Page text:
Hitherto, the conventional wisdom in policy-making circles has been to demand greater resources for social care. With a rapidly ageing population, this has led to fears that the taxpayer could face an unlimited bill for looking after our old folk in care homes.

Occasionally, a new element is introduced into this discussion, often by MPs or commentators whose roots lie outside of the UK. People born in the Indian sub-continent or Africa struggle to comprehend the unwillingness of their Western neighbours to share a home with their elderly parents. After a while they stop noticing and cease drawing unfavourable parallels.

Which makes Mr Mowat’s intervention all the more remarkable. Here’s an excerpt of what he told the select committee. “One of the things that has struck me is no one ever questions that we look after our children – that is obvious. No one says that is a caring responsibility, it is what we do,” he said.

“I think some of that logic and some of the way we think about that in terms the volume of numbers that we are seeing coming down the track will have to impinge on the way that we think about caring for our parents. Because it is a responsibility in terms of our life cycle which is similar.”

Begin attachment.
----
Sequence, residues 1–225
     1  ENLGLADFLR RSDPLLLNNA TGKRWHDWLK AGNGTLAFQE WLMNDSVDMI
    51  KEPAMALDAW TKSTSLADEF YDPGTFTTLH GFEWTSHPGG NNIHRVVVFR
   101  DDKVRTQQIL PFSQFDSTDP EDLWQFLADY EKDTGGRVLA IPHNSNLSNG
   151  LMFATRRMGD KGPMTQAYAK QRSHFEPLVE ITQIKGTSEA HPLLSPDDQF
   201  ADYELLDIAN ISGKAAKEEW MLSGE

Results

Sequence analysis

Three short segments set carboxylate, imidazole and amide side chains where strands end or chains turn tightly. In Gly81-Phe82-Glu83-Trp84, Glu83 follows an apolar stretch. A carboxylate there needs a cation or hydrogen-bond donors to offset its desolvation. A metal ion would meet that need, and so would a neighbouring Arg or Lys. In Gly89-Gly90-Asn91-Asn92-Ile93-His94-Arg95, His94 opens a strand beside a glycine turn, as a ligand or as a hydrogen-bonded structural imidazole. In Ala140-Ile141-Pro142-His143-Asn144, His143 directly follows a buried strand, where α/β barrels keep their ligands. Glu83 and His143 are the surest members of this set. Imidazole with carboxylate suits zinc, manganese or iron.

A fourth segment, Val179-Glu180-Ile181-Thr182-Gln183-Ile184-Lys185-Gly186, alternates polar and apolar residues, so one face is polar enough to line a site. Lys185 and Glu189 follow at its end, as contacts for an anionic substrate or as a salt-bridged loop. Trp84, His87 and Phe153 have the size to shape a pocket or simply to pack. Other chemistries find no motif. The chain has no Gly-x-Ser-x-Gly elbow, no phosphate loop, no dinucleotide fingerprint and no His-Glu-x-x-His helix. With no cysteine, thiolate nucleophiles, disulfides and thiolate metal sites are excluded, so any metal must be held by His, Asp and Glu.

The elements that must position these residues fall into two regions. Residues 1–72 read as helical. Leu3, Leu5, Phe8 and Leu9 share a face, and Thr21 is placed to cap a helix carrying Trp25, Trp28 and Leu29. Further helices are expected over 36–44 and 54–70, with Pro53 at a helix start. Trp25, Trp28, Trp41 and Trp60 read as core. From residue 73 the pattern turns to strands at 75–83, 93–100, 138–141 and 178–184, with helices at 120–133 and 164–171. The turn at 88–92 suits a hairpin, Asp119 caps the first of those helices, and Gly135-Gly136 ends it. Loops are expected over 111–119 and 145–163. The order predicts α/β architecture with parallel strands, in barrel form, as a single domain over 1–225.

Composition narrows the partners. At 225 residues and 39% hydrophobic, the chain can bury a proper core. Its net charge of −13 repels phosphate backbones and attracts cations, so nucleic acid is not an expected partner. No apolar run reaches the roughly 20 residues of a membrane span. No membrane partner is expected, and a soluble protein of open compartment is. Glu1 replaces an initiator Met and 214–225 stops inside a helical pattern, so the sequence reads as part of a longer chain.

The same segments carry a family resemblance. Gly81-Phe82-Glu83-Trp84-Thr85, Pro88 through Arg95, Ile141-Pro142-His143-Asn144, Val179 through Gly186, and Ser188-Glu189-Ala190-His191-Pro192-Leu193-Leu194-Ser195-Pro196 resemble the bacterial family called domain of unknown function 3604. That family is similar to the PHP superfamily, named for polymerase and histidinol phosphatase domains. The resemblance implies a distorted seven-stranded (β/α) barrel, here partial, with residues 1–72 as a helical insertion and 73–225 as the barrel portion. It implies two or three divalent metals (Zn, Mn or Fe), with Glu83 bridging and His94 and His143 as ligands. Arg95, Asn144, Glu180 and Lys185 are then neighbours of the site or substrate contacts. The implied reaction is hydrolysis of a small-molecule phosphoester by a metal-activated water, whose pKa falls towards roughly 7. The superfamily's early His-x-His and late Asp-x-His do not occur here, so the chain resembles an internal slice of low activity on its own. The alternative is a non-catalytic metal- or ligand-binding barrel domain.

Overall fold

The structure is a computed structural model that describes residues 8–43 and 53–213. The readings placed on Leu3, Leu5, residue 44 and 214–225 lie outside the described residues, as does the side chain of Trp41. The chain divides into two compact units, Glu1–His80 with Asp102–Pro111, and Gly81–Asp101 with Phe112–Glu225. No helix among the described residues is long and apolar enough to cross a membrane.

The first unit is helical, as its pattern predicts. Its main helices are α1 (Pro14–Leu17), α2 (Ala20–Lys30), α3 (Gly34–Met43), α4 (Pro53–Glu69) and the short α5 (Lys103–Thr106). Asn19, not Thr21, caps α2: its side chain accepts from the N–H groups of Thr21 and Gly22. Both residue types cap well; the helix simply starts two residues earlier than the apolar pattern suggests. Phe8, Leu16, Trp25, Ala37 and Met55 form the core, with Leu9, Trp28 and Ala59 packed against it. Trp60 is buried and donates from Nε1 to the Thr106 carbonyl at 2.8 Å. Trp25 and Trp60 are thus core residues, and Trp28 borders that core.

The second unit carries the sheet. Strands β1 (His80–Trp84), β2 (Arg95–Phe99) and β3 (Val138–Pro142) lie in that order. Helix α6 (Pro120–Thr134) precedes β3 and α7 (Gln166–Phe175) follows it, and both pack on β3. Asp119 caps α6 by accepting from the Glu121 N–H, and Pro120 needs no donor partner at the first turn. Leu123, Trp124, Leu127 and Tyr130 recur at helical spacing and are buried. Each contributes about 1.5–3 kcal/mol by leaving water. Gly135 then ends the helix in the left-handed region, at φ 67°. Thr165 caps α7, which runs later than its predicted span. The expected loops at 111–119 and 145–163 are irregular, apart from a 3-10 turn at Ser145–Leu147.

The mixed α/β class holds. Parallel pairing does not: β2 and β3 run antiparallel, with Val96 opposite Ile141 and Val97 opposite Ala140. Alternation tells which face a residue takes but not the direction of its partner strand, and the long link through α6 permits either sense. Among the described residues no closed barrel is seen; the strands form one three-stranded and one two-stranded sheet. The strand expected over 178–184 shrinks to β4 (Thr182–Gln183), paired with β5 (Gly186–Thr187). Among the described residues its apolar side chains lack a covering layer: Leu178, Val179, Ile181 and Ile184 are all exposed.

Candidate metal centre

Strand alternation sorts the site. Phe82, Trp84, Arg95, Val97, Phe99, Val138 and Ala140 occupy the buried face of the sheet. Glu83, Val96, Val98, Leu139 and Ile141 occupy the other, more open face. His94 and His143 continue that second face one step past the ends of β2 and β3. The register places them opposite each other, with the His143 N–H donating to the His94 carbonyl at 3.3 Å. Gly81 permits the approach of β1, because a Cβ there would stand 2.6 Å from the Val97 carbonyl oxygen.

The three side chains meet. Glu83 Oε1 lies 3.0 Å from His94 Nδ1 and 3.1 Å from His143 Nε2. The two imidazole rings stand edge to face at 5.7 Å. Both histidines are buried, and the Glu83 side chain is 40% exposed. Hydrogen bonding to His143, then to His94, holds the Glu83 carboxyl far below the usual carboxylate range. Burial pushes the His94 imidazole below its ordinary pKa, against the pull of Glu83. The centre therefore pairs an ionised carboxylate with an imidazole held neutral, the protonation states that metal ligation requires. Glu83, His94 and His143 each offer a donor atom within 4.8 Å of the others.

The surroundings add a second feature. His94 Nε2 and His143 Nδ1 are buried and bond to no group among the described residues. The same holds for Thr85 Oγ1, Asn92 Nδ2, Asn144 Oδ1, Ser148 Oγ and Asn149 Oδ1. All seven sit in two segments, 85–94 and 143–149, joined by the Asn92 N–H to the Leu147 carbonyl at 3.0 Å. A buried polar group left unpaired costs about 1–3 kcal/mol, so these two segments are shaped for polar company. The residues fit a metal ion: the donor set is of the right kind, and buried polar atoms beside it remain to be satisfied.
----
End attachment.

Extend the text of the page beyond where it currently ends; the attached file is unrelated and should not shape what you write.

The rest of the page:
In a sense what Mr Mowat is arguing for, a seemingly revolutionary shift in social attitudes, may not be quite as far fetched as it might appear.

We are already witnessing a quiet evolution in household composition. Parents and children no longer obey the old rules. Those rules involved a child leaving home in their late teens or early 20s and forging their way in the world. The symbol of that new found independence was a roof over their heads. Now, of course, things are different. Young people struggle to get a foot on the housing ladder and even those who leave home to attend university often ‘boomerang’ back to the family nest.

So the clear delineation between childhood and adulthood has blurred. Many parents, particularly parents of small families, now freight their parenthood with expectations that previous generations would have been shocked by. It is now normal for a mother to expect a daughter to become her BFF – her Best Friend Forever.

We do not know where this process will end. Long term co-habitation with ageing parents may become the norm for a cohort of younger people who can never afford their own property.

The question we do not yet have an answer for is this?

Will a generation of children who never fly the parental home, feel an enhanced sense of filial obligation?

It is reasonable to assume that having saved on the expense of a mortgage, and the inconvenience of running a home themselves, they will owe mum and dad a debt?

It is also reasonable to assume that having lived with their parents for longer, they will have deeper bonds of association?

A Best Friend Forever must, surely, feel more inclined to care for an increasingly frail parent than a child who left home at 18. This is why Mr Mowat may be onto something.